That sinking feeling….
As much as the Film Buff’s operation is a product of the efforts of numerous people, I still bear a certain over-arching responsibility to keep our organization generally aimed in the right direction. It’s my job, for example, to navigate our little company through sometimes-uncertain waters, charting a path that keeps a multitude of considerations in mind. That said, it’s all too easy to get lost in the minutia of the day to day operation of the shops and lose track of the big picture. Routine has the unfortunate implication of causing us to sometimes miss the forest for the trees. In a nutshell, my role is to keep the Film Buff solvent, nothing more. To accomplish this, it falls within my realm to research, track, order and make available the product mix necessary to keep our customers well-served, our stores well-stocked, our suppliers paid, our staff employed, our taxes paid and our enterprise viable.
It’s taken us more than a decade of trial and error to find a working balance between the broad appeal of mainstream movies and the art house exclusivity of independent, foreign, historical and niche filmmaking. Our monthly orders are further complicated by finding the right balance of DVD and Blu-ray product and by the need to recognize the slight difference in customer taste that exists in the 60 city blocks that separate the Film Buff East from the Film Buff West.
I would never have guessed, for example, how the passing of some long-forgotten actor or director sparks a nearly instant demand for their films… for exactly 4 days. A Marx Brother’s film retrospective playing at the Lincoln Center, a Sunday New York Times article about Budd Boetticher, or a TIFF/Cinemateque/Lightbox screening all ripple through our shops in a spell of renewed/temporary interest in movies from cinema’s giant dustbin. Martin Scorsese’s recent Hugo drew people to the early works of the silent era and Spielberg’s Adventures of Tintin to the animated French series from the ’90s. As you might expect, sequels tend to revive interest in the originals that can last for weeks, if not months. The awards season ignites interests in the earlier works of the nominees. Staying on top of all these audience triggers is a bit of a challenge and I find myself reacting to them more than I’d care to admit.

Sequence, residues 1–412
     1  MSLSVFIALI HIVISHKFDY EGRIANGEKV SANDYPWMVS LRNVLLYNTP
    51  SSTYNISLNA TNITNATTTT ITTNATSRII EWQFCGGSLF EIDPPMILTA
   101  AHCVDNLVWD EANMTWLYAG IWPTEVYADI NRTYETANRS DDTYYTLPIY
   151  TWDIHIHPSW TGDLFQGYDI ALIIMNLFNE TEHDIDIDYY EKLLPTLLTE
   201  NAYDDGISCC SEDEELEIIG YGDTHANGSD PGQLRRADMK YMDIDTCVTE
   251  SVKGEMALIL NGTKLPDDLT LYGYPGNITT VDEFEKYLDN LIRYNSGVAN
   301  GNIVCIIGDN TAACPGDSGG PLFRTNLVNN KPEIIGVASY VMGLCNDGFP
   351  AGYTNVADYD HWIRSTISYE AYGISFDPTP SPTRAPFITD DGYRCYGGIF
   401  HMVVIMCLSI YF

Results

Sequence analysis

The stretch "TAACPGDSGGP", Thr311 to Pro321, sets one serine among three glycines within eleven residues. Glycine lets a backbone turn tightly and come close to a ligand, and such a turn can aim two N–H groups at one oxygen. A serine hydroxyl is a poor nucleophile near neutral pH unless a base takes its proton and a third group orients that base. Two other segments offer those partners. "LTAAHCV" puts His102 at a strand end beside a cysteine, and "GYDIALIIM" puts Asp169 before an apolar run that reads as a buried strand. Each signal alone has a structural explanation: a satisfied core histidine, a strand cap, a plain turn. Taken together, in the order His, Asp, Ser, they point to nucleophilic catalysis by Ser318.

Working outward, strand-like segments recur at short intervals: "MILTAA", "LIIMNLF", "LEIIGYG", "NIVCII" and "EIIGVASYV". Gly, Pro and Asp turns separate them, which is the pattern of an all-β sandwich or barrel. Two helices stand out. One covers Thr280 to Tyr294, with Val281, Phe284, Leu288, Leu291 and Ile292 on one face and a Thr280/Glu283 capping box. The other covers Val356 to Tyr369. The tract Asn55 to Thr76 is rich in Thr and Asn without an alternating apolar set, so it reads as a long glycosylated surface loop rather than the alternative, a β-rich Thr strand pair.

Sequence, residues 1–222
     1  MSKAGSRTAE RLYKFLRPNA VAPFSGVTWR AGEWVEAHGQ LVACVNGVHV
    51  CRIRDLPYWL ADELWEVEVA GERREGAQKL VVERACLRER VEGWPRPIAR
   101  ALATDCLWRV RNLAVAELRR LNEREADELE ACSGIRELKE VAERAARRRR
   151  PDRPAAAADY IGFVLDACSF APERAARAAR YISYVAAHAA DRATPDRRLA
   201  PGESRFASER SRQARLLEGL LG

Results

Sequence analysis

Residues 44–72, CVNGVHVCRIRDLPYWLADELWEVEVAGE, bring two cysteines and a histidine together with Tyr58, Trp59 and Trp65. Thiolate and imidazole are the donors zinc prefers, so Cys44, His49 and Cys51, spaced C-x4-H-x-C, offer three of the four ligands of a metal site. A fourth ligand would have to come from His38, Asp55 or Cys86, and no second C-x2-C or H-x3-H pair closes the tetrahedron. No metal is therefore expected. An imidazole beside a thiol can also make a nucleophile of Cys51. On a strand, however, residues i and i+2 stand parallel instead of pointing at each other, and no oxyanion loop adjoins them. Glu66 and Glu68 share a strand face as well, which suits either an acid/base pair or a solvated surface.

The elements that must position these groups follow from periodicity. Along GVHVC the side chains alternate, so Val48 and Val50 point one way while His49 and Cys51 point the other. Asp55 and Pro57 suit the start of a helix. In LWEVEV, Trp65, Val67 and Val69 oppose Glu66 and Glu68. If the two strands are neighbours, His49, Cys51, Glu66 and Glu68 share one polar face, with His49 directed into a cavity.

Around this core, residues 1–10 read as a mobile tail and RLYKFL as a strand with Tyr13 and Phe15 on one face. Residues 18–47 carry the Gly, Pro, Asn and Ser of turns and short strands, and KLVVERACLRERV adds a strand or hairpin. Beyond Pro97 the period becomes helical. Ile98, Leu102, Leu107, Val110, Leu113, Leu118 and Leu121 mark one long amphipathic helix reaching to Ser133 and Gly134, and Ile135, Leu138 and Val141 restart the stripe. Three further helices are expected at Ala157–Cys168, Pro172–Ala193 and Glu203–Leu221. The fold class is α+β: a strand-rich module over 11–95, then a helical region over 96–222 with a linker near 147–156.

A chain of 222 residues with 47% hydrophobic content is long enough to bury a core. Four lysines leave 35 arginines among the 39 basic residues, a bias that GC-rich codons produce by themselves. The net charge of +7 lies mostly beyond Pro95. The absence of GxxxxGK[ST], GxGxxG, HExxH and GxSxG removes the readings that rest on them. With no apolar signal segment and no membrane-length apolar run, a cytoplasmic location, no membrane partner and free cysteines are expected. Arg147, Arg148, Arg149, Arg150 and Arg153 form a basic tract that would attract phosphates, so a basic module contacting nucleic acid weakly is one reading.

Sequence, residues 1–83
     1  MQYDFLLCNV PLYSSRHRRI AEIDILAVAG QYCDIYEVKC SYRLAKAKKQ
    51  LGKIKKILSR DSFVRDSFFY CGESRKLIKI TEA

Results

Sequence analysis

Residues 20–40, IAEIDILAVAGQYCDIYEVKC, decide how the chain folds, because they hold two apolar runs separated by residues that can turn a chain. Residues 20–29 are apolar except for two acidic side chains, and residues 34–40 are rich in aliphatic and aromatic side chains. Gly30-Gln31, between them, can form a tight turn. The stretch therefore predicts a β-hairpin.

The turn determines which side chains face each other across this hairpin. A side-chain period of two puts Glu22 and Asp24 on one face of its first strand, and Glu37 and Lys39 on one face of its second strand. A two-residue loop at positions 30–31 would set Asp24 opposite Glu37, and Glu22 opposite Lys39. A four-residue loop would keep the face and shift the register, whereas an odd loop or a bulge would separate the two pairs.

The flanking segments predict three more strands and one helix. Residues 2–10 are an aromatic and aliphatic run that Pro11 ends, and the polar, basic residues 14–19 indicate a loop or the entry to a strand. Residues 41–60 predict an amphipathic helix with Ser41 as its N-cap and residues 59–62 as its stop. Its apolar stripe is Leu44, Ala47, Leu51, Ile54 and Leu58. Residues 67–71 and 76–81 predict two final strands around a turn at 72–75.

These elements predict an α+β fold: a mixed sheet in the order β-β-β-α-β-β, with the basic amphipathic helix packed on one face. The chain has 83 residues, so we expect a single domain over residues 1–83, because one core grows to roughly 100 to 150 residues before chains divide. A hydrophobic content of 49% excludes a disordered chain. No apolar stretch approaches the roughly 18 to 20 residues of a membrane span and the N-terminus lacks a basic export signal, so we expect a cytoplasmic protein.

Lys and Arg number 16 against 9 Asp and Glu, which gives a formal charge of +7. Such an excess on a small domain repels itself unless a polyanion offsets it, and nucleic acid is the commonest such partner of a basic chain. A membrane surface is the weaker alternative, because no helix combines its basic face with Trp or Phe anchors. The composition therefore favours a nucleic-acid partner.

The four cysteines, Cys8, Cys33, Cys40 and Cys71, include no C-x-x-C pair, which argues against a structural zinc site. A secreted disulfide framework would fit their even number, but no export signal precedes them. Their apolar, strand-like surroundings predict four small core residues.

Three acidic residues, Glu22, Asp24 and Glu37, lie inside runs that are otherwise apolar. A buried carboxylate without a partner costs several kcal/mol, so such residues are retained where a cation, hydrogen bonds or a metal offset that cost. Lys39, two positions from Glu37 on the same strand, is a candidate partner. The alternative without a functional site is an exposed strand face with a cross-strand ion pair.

The latest spike in interest in a specific title – one that I missed completely and shouldn’t have – is James Cameron’s risible Titanic – sparked, of course, by its theatrical re-release in 3D this weekend. Years ago, I wrote how proud I was that our lone VHS copy of Titanic hadn’t left the store in over a year, but as the memory of just how awful a film it is fades with the passing of time, I should have seen a rekindled demand for it on home video coming. I didn’t (or maybe didn’t want to) and as a result we have exactly 1 copy of it on DVD to share between the stores. The DVD was yanked from distribution last fall (the studios do this to drive herds of humans into the theatres, and it works) and, as a result, our collective response to the nearly endless inquires to rent it over the past couple of days has been
“… sorry, it’s rented”, or worse yet, over at the FBE the response is “… no, we don’t have that one”
Had I been on my game, I’d have picked up a few extra copies last fall, before it went out-of-print, but I didn’t. It didn’t dawn on me that beneath the part of Titantic that you can see… is a massive, pent-up demand lurking just below the surface, and just like the Captain Edward John Smith, I didn’t react quickly enough to steer the HMS Film Buff into safe waters. The consequences are admittedly minor in our little skiff, but I can’t be missing these icebergs all the time, or we will go down.
And, according to some arcane bit of Cinematic Law, apparently I have to go down with the ship.
On the upside, next weekend something else will be all the rage and Titanic will rest, once more, at the very bottom of the interest ocean.